Even doctors can be addicted to opioids, in a way: It’s hard to stop prescribing them.
Melissa Jones is on a mission to break doctors of their habit, and in the process try to turn the tide of the painkiller epidemic that has engulfed 2 million Americans.
It was in doctors’ offices where the epidemic began, and it’s in doctors’ offices where it must be fought. So Jones is using some of the same tactics pharmaceutical sales forces used to push their potent pills into communities — this time, to get them out.
She drives 100 miles a day to visit doctors across western Pennsylvania’s Allegheny and Westmoreland counties, where prescription painkillers and their illicit cousin, heroin, killed more than 600 people last year. Bearing a smile, educational pamphlets, and sometimes sandwiches, she is working to help doctors stick to new national prescribing guidelines, give them tips on how to handle patients demanding pills, and remind them that opioids aren’t very good for chronic pain anyway.
“Most people trust their doctors,” says Jones’ boss, Cheryl Bartlett. “But we haven’t trained doctors about addiction, how to recognize it early and treat it in their practices. Why not help doctors better understand how to care for their patients?”
The rate of opioid prescribing has started to edge down in recent years, but it remains 56 percent higher than it was 20 years ago, enough to provide nearly every adult in America with a bottle of pills. The number of overdose deaths is still climbing, from pills that have been prescribed and from the surge of even more powerful opioids like fentanyl on the black market, where many turn for cheaper drugs after becoming addicted.
While narcotics can bring short-term pain relief and help patients with cancer and in end-of-life care, they’re often misprescribed.
Increasingly, the fight to save lives has put doctors in the crosshairs: They often feel they have no good choices to treat pain, and not enough time with patients who are already dependent on opioids.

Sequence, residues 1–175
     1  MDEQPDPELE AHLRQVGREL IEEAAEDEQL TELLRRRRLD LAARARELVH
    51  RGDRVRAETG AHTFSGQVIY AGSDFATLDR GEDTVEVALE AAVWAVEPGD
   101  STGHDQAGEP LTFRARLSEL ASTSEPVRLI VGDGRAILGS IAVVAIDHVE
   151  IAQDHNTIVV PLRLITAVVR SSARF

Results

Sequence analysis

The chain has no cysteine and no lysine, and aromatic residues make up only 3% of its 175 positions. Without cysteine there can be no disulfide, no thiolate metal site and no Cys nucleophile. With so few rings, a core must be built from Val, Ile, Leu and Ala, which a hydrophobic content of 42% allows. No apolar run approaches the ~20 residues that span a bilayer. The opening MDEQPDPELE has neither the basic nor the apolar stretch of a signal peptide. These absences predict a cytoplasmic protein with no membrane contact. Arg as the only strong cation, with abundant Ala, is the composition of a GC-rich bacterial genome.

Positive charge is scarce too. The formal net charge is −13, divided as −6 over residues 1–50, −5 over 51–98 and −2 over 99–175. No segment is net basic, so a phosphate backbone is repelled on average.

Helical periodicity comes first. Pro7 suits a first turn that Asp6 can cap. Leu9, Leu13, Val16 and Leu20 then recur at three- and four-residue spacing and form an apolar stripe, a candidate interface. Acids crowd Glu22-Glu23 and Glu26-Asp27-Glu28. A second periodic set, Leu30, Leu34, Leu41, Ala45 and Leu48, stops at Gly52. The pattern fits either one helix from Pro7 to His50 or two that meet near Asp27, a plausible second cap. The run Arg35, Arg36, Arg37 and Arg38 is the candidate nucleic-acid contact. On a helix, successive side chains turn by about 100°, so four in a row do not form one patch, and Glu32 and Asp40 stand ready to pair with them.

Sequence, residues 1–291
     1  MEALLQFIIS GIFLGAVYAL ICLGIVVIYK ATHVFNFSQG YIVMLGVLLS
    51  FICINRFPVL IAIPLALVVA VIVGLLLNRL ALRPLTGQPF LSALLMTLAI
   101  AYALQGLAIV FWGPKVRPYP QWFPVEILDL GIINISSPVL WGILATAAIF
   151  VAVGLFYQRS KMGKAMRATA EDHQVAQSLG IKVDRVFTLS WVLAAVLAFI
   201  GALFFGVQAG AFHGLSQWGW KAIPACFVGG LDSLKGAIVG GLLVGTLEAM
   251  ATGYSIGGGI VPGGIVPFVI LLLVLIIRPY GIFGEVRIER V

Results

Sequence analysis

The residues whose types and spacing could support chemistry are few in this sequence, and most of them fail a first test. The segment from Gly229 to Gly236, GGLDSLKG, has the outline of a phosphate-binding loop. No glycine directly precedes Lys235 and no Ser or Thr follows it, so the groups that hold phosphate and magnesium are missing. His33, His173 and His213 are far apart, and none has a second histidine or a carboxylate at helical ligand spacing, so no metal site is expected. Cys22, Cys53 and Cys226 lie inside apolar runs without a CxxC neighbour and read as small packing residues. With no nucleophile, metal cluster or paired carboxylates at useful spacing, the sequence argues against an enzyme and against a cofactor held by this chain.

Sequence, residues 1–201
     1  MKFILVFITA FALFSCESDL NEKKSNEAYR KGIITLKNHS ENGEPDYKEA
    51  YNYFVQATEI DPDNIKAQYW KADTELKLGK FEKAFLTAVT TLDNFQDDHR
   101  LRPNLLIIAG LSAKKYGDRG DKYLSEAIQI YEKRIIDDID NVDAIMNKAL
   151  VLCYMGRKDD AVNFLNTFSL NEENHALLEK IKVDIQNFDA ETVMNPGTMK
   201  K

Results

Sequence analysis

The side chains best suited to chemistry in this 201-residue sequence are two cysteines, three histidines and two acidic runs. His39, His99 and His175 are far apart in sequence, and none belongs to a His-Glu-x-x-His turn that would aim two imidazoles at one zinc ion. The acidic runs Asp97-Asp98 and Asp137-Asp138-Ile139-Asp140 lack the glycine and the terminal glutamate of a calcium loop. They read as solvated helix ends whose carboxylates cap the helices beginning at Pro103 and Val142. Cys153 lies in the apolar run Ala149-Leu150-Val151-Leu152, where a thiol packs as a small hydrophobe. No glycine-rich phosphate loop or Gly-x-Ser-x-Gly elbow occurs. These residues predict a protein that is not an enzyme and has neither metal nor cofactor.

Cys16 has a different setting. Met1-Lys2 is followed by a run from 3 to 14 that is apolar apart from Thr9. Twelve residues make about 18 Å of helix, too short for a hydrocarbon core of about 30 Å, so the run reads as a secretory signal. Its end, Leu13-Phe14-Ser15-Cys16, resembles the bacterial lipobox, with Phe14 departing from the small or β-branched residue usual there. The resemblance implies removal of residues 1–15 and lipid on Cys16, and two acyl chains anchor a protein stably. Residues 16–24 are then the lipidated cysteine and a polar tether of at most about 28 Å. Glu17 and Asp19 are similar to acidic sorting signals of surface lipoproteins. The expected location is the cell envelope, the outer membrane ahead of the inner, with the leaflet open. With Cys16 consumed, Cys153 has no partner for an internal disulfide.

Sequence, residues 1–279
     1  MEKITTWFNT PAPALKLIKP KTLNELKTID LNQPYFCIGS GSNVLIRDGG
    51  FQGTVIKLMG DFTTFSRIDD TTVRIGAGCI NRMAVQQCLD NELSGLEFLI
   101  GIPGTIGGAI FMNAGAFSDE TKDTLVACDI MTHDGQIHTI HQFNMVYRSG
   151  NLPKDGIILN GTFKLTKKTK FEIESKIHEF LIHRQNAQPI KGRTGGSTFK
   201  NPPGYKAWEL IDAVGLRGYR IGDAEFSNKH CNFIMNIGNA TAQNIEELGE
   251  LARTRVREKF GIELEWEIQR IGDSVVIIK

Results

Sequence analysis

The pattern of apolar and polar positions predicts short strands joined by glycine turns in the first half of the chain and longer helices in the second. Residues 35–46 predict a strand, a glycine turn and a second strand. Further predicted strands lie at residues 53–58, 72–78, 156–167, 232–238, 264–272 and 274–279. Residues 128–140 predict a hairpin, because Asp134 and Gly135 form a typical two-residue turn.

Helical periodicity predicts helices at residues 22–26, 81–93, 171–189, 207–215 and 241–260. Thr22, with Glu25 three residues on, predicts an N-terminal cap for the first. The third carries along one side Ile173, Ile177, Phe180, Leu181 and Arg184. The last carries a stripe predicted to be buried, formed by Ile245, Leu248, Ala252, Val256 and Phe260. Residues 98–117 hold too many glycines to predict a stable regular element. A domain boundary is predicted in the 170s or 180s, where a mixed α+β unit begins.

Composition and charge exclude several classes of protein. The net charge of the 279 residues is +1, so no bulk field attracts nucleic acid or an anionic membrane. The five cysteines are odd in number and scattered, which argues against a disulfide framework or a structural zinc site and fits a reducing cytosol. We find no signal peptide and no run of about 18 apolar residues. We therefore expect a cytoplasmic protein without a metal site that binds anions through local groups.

Pennsylvania is among about a dozen states where people like Jones try to flip the script on drug marketing and push doctors toward change. Despite mounting evidence about the dangers of opioids — and their limited benefits for chronic pain — far less is known about what works to change doctors’ behavior.
“What’s taking so long to reverse this thing?” asks an exasperated Dr. Gary Franklin, a University of Washington researcher who, more than a decade ago, published a paper sounding the alarm about fatal overdoses in patients prescribed opioids.
Across the U.S., lawmakers are restricting how doctors handle millions of quick encounters with patients in pain.
In Pennsylvania, where the opioid death rate is above the national average and rising, doctors now face sanctions if they fail to check a state-run database to flag those getting narcotics from multiple doctors. Massachusetts bars doctors from prescribing more than a seven-day supply to first-time opioid patients. Washington state won’t let doctors prescribe high doses without consulting a pain specialist. And an Illinois congressman wants all U.S. opioid prescribers to take classes every three years.
Jones uses a gentler approach. Her visits, funded by state lottery dollars, are voluntary and part of a program for low-income seniors run by the Boston-based nonprofit organization Alosa Health. Jones and her colleagues visit 2,600 Pennsylvania doctors a year to talk about opioids and other issues.
It used to be difficult for Dr. Dorothy Wilhelm, a geriatrics doctor in Monroeville outside of Pittsburgh, to get patients to agree to a urine screen to test for prescription medications and illicit drugs. Now, with new guidelines and pocket cards from Jones that help her explain the screens, patients don’t fight her anymore.
Evidence from New York City’s public health department and the Veterans Health Administration suggests Jones and others like her can reduce opioid prescribing, adapting a tried-and-true tactic from the pharmaceutical industry called detailing.
Drug companies send charismatic sales reps to visit doctors with free pens, lunches, and pill samples, along with sometimes-skewed information.
In 2007, Purdue Pharma agreed to pay more than $600 million in fines for falsely informing its sales force that its opioid pill OxyContin had less potential for addiction and abuse than other painkillers. The marketing helped feed a 20-year trend of skyrocketing prescribing.